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USS Jimmy Carter (SSN 23) was commissioned today in a ceremony here in Groton, Connecticut. The new submarine replaces the USS Parche, a special operations submarine which was decommissioned in October of last year. USS Jimmy Carter will be capable, according to the linked article above, of speeds in excess of 45 knots (52 mph). (I can neither confirm nor deny that fact; I merely quote the article. However, official sources usually state speeds in excess of 25 knots [29 mph].) President Carter spoke at the ceremony (which I did not attend) and said in prepared remarks that having a submarine named for him is “the most deeply appreciated and emotional honor I’ve ever had.”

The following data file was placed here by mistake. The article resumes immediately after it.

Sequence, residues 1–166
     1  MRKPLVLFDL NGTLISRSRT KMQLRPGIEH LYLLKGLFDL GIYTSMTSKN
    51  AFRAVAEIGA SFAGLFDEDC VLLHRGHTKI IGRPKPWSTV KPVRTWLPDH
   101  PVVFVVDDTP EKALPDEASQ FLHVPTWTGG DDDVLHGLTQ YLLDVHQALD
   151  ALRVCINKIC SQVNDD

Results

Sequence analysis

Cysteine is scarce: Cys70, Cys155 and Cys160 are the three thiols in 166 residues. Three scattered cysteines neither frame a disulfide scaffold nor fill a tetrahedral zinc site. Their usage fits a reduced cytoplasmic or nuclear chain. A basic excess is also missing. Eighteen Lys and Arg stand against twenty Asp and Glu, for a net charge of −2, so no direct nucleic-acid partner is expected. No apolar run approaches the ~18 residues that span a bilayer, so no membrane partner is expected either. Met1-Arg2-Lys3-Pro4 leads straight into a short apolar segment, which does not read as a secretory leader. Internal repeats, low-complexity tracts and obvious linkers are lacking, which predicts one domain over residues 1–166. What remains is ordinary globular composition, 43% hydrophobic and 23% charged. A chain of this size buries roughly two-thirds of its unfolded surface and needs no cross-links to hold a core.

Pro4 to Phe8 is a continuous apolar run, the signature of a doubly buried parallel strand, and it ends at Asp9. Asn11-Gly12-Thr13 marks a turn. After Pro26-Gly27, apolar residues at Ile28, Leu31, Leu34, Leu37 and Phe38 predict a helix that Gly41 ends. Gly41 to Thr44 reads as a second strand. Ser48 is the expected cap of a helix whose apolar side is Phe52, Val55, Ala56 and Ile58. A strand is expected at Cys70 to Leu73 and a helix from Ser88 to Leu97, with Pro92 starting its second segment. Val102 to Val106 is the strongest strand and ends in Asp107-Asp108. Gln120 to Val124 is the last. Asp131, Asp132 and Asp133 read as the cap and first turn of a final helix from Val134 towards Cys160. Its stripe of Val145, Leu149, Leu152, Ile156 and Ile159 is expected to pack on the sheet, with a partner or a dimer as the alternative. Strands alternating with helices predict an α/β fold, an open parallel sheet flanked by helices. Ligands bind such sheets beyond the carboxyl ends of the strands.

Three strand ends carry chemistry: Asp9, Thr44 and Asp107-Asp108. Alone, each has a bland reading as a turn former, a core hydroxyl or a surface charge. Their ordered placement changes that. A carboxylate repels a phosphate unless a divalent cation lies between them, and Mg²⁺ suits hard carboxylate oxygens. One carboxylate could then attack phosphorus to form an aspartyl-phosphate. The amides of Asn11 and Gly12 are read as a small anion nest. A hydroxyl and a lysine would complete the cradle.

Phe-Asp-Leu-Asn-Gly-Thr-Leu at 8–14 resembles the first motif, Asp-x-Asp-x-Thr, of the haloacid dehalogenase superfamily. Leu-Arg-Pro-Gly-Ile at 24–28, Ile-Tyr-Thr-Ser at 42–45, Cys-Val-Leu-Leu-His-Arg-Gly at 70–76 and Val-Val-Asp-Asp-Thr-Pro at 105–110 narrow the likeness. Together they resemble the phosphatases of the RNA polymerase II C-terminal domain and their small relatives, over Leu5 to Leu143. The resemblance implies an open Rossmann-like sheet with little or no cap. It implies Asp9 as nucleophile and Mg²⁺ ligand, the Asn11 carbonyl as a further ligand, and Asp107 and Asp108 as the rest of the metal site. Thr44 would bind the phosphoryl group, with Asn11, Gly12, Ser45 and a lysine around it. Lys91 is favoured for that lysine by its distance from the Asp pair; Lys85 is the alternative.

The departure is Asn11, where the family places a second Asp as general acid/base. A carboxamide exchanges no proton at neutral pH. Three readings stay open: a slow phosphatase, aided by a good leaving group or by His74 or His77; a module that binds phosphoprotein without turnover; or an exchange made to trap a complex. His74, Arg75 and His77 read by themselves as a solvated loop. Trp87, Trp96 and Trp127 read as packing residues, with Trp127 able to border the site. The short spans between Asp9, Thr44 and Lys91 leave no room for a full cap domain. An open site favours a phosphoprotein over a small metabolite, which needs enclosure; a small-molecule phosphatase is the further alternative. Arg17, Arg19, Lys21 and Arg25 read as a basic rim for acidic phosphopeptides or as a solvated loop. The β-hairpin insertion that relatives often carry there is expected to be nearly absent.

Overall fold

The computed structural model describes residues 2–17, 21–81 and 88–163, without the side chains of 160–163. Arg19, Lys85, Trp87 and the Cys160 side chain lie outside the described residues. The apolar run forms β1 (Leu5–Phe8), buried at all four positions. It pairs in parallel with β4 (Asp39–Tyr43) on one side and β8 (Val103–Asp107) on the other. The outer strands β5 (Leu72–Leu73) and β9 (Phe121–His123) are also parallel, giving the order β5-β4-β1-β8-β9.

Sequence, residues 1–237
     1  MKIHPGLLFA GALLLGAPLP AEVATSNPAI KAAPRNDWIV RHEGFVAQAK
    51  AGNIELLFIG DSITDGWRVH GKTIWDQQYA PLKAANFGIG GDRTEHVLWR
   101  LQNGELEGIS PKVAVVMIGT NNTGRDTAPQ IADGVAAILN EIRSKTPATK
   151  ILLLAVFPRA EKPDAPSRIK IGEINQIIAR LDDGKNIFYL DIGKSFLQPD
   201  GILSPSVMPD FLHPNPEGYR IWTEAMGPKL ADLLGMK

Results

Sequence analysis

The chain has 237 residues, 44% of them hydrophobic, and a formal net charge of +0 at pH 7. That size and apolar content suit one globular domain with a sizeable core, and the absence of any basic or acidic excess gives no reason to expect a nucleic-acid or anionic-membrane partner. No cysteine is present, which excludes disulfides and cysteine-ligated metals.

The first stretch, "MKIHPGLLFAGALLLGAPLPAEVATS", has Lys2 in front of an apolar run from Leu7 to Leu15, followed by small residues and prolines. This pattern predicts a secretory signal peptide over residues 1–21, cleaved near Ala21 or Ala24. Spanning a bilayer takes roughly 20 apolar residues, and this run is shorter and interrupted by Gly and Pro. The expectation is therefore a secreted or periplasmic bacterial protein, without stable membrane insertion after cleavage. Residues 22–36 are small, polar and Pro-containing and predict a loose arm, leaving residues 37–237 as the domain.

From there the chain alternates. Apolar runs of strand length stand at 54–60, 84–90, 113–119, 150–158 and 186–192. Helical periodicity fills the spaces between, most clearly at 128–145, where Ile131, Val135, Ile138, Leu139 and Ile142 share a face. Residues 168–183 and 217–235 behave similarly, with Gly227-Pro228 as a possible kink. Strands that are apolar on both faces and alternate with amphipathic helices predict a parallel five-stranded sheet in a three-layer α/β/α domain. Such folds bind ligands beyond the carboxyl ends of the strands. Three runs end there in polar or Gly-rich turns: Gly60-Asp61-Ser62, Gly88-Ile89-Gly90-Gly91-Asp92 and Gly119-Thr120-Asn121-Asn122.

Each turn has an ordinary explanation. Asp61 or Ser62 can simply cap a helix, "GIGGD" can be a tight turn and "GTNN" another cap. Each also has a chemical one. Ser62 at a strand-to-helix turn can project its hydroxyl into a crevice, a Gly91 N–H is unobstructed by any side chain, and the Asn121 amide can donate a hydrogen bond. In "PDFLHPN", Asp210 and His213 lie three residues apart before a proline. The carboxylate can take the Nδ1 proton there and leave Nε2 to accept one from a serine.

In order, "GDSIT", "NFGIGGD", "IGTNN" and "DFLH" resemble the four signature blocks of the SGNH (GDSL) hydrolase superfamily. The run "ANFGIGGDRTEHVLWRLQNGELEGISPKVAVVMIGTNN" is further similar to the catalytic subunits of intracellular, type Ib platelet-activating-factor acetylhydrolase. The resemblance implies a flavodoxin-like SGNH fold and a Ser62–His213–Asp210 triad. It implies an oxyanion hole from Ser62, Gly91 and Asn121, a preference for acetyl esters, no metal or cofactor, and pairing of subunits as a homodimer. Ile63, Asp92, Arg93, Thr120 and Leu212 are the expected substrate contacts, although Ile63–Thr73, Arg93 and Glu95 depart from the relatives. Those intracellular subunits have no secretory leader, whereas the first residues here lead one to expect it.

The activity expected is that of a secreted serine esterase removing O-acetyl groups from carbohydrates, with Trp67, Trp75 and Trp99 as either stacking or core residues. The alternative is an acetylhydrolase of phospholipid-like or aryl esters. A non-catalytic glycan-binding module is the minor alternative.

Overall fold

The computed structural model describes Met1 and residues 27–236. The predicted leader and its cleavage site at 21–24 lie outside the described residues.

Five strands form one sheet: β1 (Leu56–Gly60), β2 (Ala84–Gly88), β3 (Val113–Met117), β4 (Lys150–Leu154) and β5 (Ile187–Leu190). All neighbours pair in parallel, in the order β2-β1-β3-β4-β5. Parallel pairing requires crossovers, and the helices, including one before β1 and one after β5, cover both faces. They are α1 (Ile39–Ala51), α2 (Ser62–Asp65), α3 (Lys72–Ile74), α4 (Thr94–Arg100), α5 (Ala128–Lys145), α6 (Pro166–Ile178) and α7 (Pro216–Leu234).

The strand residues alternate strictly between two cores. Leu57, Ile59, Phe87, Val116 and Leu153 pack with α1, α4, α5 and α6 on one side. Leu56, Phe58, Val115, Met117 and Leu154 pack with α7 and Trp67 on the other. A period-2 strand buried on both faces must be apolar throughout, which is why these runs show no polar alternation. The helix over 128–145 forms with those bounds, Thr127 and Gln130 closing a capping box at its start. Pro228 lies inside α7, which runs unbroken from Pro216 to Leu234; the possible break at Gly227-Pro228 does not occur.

According to several public sources, citing military analysts, the new submarine will be able to wiretap communications cables. Analysts infer this because the Jimmy Carter replaces the Parche, which was formerly used for the task (see Blind Man’s Bluff by Sherry Sontag and Christopher Drew). In any case, the Navy has publically stated that the submarine will perform special operations and reconnaissance missions.

Unfortunately, some rather silly comments have been made by people who misunderstand the naval tradition of naming vessels after people. Specifically, to Fr. John’s preference for service on the aircraft carrier USS Ronald Reagan (CVN 76) to service on the Jimmy Carter, I reply, “There are two kinds of ships: Submarines and targets.”